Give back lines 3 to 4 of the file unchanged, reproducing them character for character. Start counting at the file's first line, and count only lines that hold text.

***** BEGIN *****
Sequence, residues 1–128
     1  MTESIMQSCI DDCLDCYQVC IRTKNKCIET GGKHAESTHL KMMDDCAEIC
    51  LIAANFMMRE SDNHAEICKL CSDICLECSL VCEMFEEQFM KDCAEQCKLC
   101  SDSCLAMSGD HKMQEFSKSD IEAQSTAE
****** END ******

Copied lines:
    51  LIAANFMMRE SDNHAEICKL CSDICLECSL VCEMFEEQFM KDCAEQCKLC
   101  SDSCLAMSGD HKMQEFSKSD IEAQSTAE